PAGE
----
This regalia hood was worn by the University of Denver’s twelfth Chancellor, Chester M. Alter (1906–2006).
Alter served as Chancellor at the University of Denver (DU) from 1953 to 1967. Chancellors and other high university officials’ regalia hoods are frequently purple, which suggests that this hood was not worn during Alter’s inauguration, and is likely either from his academic career prior to coming to the University of Denver, or some time after.
Alter taught at Harvard and Boston University before being recruited by the U. S. War Department to work on the Manhattan Project during World War II. The Manhattan Project was a research and development project that led to the production of the first atomic bomb. In 1953, Alter returned to academia when he was offered the position of Chancellor at the University of Denver.
During Alter’s term of office he initiated the construction of multiple buildings, including: the Boettcher Science Center (1963), Cherrington Hall (1965), the Mass Communications Building, (1961) the Business Administration Building (1968), the Law Center (1965) Johnson-McFarlane Residence Hall (1960), Centennial Residence Hall (1961) and Centennial Residence Towers (1963).
In 1961 Alter ended the University of Denver football program after his administration determined that expenditures on football were taking funding away from academic projects and intramural sports. In 1964, during the DU centennial celebration, Alter was honored with the Evans Award from the Alumni Association of the University.
The University of Denver dedicated the Chester M. Alter Arboretum on April 30th, 1999. The Arboretum was named for Alter to recognize both his work as the twelfth Chancellor of the University as well as his lifelong love of trees. Chester Alter passed away in Santa Fe, New Mexico in 2006 at the age of 99.
Fisher, Steve. “A Life Well Lived,” University of Denver Magazine, Fall 2004, http://blogs.du.edu/today/magazine/a-life-well-lived.
Penrose Library, dedicated in 1972, had a distinctly modern and futuristic set of design choices.
Sally Hemmings of the University Park News Sentinel described Penrose Library as the antithesis of a traditional library, with its “terrible academic silence seeming to scowl on all who enter.” Hemmings noted the “bright bold color…furnishings and decor, and a prevailing impression of space and light,” that “gives one the feeling more of being inside a modern, avant-garde gallery than a library.”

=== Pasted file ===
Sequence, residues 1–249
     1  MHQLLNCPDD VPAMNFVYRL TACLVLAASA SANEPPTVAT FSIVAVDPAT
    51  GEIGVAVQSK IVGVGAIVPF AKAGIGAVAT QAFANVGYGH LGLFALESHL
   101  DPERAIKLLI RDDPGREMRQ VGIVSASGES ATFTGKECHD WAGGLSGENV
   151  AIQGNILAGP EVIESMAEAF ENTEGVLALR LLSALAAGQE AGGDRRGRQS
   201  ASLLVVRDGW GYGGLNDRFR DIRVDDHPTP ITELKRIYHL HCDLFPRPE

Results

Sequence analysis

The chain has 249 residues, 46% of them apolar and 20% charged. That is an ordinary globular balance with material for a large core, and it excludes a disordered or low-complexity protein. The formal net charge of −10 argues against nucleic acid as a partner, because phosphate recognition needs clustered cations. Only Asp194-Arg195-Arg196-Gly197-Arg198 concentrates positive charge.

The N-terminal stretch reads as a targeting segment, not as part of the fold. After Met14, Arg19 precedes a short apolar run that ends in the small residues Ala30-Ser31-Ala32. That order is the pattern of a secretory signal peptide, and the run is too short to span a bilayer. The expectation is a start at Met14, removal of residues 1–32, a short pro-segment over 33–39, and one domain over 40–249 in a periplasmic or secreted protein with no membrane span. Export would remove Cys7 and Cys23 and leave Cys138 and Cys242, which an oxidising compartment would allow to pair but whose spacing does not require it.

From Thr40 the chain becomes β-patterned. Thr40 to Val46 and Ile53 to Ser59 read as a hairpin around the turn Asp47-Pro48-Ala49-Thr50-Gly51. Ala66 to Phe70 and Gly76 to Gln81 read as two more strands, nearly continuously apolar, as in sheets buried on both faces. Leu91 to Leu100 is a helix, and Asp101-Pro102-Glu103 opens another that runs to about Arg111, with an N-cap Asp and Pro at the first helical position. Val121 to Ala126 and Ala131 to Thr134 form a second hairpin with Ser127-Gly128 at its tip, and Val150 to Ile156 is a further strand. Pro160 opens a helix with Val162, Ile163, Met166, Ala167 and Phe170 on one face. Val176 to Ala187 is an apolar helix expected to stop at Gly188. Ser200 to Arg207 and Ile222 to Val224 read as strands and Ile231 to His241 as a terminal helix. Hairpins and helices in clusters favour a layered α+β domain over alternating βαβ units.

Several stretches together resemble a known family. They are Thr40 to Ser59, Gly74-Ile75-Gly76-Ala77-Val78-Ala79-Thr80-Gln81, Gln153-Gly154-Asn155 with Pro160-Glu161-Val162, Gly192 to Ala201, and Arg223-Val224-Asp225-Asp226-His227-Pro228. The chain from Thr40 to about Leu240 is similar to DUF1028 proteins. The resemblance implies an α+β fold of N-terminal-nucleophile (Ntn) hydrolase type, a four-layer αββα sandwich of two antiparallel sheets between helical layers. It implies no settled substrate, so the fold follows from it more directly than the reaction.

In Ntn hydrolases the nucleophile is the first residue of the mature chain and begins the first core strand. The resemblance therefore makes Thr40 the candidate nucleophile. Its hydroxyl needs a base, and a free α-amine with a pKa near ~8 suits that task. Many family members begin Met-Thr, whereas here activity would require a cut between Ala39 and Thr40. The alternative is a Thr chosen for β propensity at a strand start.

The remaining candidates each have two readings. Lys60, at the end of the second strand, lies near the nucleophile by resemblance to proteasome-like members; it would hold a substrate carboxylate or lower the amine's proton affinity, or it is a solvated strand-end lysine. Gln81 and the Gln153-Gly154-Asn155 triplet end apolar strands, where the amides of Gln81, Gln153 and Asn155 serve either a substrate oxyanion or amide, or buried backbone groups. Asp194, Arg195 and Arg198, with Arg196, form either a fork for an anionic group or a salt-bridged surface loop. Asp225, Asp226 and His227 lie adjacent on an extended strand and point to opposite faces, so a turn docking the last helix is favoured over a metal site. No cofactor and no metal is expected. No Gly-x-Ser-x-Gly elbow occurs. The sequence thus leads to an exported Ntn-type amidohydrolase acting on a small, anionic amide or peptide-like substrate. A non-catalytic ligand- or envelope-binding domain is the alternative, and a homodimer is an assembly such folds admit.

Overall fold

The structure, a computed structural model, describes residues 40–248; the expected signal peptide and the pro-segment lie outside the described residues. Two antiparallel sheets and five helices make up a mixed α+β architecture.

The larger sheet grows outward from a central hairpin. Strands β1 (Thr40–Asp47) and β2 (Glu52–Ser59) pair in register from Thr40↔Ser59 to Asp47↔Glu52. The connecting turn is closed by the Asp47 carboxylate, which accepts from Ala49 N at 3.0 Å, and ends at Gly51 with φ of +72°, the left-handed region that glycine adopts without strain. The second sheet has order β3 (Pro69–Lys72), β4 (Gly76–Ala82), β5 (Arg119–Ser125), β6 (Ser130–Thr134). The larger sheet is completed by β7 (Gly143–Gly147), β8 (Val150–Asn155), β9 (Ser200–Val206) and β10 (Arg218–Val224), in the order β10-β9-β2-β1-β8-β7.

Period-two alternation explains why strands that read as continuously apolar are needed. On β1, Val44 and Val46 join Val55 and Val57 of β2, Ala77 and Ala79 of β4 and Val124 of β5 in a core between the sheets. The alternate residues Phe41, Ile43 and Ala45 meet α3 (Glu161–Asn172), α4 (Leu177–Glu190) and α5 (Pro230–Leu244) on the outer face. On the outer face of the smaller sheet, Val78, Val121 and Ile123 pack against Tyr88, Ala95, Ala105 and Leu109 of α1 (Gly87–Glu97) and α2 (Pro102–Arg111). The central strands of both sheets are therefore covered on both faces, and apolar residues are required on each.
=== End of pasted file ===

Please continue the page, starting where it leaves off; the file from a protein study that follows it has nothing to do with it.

The furniture in Penrose, especially the much-beloved “egg chair,” and the library’s “megaforms” matched this functional and futuristic design aesthetic perfectly.
The bright-orange main level contained many of what Gyo Obata, the library’s architect, called “megaforms” – tiers of different levels, covered with carpet, with seat backs formed by the next higher level, on which students could sprawl out, sit on, or use as they wished.
The ‘Egg Chair’
Affectionately known among patrons of Penrose Library as the “egg chair,” this 1963 design by Finnish designer Eero Aarnio is known more widely as the “Ball Chair,” and sometimes as the “globe chair.” The chair is a fiberglass design, with fabric upholstery. This much-beloved chair returned to the Anderson Academic Commons on March 1, 2013, and is available for any patron’s seating pleasure. You can also see Aarnio’s pastil chairs on the third floor of the Academic Commons, just to the left of the main stairs.
Object: A crimson velvet brocade Torah mantle (cover). The mantle is trimmed with gold fringe, sequins and gold ribbon. There is a white and gold design on the front consisting of a crown, two lions, Hebrew letters standing for “‘the crown of the Torah,” the Ten Commandments in Hebrew and the date in Hebrew (5663). The mantle was used in the Congregation Shearith Israel (Tenth Street Shul) in Denver.
Shearith Israel (Remnant of Israel) synagogue was located in the oldest surviving religious structure in Denver from 1903 to 1965. The small stone building was originally erected as the Emanuel Episcopalian Church in 1877 at Tenth and Lawrence Streets in Denver. The Episcopalians moved and sold it to the Shearith Israel congregation in 1903. The Orthodox congregation remodeled the structure to fit the needs of a synagogue, adding Hebrew lettering around the entrance and a Star of David atop the building. Because of its location, it became known as the “Tenth Street Shul.”
The interior and exterior photographs of the Shearith Israel synagogue were taken by Jack Goldman. The sketch was done by Irene Miller Stein in 1979. Her father Robert Lazar Miller was an early member of the congregation.
The Shearith Israel congregation was established in 1899 as a traditional Orthodox Jewish house of worship. It was an offshoot of the Shomro Amunoh (Guardians of Faith) congregation, which was organized in 1877. Shearith Israel synagogue was one of the small synagogues just to the west of downtown Denver. The “Tenth Street Shul” was convenient for Denver businessmen who were seeking a regular minyan for daily religious services and was packed for services during the Great Depression because it was always heated. But by the end of World War II, services were only held on special occasions. The congregation dissolved in 1958, although sporadic services continued until 1965. The building, which was named an Historic Landmark in 1976, was converted to the Emanuel Art Gallery and is now part of the Auraria college campus.
There are a number of sets of tefillin in the Congregation Shearith Israel (Tenth Street Shul) Records, B139. This is one set of tefillin (phylactery) for the head consisting of a black leather box with a brown leather strap. Two of the four sides contain the Hebrew letter ”resh” designating that it is ‘’shel rosh” (for the head).